communities with fewer transportation options. Similarly, MTC research, including focus group

and workshops, confirms that residents may not utilize medical services if they are difficult to

get to. This research suggests that improving transportation services for populations with

vulnerable health status may prevent more advanced illness or shorten the time needed for

recovery from illness.

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Third, disconnected and lengthy transit routes make the experience of commuting to daily

activities more time intensive, tiring, and stressful. Long travel distances/times translating into

less time for family care and leisure activities. The demand for accessible transit is also a

response to the difficult and likely frustrating experiences associated with daily travel. Chronic

stress affects health in numerous ways, impairing the immune system, leading to susceptibility to

infection, affecting obesity, and increasing risks of pre-term delivery and low birth weight birth.

Providing more direct and shorter transit routes will allow for less time to be spent taking public

transit and more time for daily and leisure activities and family life, potentially removing an

important stressor in the lives of disadvantaged populations.

Fourth, limited access to public transit creates barriers to participation in community and

civic life, particularly for populations such as the elderly and disabled. Strong social

relationships and community cohesion protect health in multiple ways. Neighbors, friends, and

family provide material as well as emotional support. Support, perceived or provided, buffers

stressful situations, prevents damaging feelings of isolation, and contributes to a sense of self-

esteem and value. Illustrating the magnitude of these effects, in the Alameda County Study,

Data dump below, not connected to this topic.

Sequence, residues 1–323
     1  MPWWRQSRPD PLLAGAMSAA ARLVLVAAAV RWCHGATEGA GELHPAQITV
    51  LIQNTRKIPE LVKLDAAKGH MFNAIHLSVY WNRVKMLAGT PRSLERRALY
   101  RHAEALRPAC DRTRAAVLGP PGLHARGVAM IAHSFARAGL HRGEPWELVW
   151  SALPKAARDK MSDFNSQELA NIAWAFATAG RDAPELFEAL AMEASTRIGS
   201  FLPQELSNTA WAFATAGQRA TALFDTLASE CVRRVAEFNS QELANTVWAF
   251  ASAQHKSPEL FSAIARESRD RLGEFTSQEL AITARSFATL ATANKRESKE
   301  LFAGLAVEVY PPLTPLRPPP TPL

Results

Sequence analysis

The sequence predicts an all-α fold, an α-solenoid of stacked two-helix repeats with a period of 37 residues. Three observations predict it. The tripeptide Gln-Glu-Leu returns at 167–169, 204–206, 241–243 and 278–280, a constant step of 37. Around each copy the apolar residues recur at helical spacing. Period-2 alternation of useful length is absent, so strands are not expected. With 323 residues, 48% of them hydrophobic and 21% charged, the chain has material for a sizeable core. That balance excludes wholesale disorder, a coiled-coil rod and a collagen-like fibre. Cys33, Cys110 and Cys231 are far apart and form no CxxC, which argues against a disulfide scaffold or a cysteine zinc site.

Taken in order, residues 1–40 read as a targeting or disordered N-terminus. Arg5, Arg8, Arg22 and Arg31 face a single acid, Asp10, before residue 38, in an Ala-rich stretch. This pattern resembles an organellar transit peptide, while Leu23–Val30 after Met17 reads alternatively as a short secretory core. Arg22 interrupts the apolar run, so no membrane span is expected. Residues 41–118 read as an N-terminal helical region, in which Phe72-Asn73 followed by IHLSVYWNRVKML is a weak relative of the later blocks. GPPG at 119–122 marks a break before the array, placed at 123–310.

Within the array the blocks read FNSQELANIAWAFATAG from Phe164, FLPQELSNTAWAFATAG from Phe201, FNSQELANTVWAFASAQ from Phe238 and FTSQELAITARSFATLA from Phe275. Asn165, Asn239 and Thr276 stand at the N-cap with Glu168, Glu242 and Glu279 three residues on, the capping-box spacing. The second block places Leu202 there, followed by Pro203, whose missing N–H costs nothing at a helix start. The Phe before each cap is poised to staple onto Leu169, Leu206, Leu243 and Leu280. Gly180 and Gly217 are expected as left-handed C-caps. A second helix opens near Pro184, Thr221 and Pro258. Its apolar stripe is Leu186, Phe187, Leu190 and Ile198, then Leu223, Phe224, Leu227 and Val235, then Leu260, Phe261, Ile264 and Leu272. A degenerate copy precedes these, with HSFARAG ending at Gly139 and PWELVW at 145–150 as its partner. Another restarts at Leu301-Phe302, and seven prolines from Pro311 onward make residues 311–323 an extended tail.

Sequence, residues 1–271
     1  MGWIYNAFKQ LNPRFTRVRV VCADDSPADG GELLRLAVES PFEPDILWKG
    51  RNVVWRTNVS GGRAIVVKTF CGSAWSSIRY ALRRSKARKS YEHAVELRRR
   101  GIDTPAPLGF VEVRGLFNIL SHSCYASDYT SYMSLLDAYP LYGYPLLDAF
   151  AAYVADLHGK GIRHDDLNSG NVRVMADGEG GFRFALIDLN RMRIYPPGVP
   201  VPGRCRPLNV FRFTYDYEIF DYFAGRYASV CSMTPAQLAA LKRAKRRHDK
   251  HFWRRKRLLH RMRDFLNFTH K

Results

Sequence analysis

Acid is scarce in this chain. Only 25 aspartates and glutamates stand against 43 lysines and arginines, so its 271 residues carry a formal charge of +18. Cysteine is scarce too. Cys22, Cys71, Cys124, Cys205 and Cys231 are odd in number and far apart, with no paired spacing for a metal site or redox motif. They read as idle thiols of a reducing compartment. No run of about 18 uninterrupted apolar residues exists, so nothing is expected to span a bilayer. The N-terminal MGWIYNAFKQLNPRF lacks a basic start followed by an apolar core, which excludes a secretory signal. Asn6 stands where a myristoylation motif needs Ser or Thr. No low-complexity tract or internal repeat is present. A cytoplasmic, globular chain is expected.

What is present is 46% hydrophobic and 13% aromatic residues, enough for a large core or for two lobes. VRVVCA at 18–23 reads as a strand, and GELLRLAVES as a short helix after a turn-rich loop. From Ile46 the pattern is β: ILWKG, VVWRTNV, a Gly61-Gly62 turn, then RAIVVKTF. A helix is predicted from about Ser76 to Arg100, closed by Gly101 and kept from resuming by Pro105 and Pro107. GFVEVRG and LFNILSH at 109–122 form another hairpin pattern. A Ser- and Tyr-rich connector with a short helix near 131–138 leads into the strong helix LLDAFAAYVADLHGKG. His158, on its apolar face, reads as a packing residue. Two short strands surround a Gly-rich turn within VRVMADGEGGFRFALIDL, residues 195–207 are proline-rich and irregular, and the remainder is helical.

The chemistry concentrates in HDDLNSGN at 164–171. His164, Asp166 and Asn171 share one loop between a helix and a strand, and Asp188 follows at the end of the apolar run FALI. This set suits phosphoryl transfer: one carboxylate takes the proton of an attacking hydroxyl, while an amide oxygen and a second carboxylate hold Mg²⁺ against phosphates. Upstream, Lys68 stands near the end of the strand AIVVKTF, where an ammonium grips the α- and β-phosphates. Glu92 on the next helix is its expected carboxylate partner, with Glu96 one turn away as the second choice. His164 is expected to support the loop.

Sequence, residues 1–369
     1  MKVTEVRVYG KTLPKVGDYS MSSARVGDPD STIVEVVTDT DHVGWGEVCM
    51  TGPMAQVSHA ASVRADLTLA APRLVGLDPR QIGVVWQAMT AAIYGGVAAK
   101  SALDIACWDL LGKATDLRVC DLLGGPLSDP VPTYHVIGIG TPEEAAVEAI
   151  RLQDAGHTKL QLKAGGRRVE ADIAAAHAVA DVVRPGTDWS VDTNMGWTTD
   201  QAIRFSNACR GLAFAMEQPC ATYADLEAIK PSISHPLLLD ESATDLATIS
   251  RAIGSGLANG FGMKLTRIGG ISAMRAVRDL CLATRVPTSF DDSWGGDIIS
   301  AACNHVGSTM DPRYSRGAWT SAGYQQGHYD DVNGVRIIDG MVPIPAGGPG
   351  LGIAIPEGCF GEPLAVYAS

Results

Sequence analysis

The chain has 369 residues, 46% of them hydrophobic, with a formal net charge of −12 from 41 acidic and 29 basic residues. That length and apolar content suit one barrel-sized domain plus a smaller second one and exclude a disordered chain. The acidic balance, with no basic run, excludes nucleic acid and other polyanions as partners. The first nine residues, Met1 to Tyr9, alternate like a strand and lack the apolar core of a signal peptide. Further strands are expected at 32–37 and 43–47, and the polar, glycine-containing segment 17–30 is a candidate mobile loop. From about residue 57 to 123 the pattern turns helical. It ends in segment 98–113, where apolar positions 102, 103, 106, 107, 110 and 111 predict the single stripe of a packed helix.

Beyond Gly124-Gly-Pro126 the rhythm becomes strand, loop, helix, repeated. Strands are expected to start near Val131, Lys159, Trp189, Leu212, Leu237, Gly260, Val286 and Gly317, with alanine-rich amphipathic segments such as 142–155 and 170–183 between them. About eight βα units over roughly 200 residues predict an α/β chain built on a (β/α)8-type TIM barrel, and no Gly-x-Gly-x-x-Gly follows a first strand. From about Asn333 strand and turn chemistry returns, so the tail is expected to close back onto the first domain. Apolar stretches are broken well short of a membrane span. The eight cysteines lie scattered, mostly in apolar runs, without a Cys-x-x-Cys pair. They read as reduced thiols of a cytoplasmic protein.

those with fewer social contacts had twice the risk of early death, even accounting for other

factors including income, race, smoking, obesity, and exercise.

Fifth, many people describe public support for transportation improvement for bicycling

and walking as ‘optional,’ or a luxury. An alternative perspective, would describe the

prioritization of the automobile as a social addiction that has immeasurable local, state, and

global costs to health and environmental quality. From a public health perspective, structural

changes in land use and transportation that enable and promote walking and bicycling are

necessary, not optional, to support the health of our communities and to reduce the tremendous

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social costs of inactivity. Every year, obesity claims 300,000 lives and costs our society as much

as $117 billion. Given how our urban environments have grown dependent on automobiles,

changing course and prioritizing bikes and pedestrians is a critical social priority.

In sum, by improving networks of public transit, providing better access to daily

necessities, focusing on marginalized communities, and promoting walking and bicycling, health

and equity oriented transportation priorities have the opportunity to positively improve health

and improve well-being of vulnerable communities in particular and the society as a whole.

Prioritizing transportation investments to improve health would be a wise public investment.